M&A's future dealmakers

Last night I attended a conference at Cass Business School organised by their students’ M&A Society. The speakers included Bernard Liautaud, the founder and CEO of Business Objects, which was sold to SAP for $6.8bn in Jan 2008, and ten additional panel members who represented the great and the good of global investment banks.

The auditorium was mainly full of Cass postgraduate students and a handful of us other interlopers who managed to get invited.

For me and no doubt everyone in the room it was fascinating to hear how Mr Liautaud took his start-up business in 1994 through to an IPO within three years, the various acquisition strategies that Business Objects then employed until it was ultimately acquired in what in 2008 was the third largest software acquisition of all time.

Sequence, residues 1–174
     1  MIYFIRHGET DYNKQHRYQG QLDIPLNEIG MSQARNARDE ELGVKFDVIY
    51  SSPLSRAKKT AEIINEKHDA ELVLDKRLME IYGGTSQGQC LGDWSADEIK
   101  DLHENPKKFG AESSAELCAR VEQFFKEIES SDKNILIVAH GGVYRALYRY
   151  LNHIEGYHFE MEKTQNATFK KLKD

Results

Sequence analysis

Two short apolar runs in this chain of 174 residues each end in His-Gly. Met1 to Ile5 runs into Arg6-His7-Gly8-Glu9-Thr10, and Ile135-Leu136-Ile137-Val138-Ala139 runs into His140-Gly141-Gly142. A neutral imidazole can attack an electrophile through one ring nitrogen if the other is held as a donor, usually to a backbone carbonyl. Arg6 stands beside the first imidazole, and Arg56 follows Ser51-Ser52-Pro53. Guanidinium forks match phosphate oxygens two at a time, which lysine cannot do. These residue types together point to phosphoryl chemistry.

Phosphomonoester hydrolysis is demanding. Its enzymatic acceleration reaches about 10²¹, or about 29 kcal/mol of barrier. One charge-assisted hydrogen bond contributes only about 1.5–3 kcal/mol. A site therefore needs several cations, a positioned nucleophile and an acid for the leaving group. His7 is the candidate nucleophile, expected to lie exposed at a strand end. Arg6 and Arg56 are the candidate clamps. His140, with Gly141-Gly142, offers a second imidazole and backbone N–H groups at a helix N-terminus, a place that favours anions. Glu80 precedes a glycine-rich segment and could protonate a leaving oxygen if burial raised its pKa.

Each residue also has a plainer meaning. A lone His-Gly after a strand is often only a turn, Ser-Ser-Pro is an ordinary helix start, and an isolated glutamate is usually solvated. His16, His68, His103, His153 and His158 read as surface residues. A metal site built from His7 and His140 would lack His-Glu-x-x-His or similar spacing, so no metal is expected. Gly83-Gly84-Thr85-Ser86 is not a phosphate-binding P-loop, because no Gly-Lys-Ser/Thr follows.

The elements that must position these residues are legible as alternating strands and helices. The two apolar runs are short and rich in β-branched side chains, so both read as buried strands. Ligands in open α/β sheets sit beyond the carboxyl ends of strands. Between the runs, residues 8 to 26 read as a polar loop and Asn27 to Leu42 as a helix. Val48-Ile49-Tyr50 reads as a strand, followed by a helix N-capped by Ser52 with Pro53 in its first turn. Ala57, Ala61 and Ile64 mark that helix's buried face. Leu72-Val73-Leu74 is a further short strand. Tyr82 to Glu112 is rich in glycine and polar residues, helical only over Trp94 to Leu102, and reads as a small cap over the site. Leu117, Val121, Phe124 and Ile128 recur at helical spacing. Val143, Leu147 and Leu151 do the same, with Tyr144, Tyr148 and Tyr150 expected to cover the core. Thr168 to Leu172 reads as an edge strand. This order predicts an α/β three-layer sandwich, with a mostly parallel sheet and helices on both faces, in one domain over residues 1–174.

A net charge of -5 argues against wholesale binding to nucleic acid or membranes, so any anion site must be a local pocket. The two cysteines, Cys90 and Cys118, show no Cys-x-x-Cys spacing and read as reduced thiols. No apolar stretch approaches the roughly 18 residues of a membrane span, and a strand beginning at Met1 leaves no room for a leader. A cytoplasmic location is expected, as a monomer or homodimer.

Add in the next two panel sessions - where high profile and vastly experienced M&A bankers talked about global and cross border M&A and the changes in UK M&A regulations - and I am sure you can imagine the students were completely convinced that this career path is for them.

Many of the students in the room will have loaded themselves with debt to try to pursue a future career in M&A. And why not; it's mysterious and glamorous to all those who don't know the first thing about the City. It’s also rewarding and, according to the bankers, there are not only financial rewards but also the "personal satisfaction" of shaping the future economy. And there was I thinking it was solely about the deal fees and bonuses - shame on me...

Filed under: dealmaking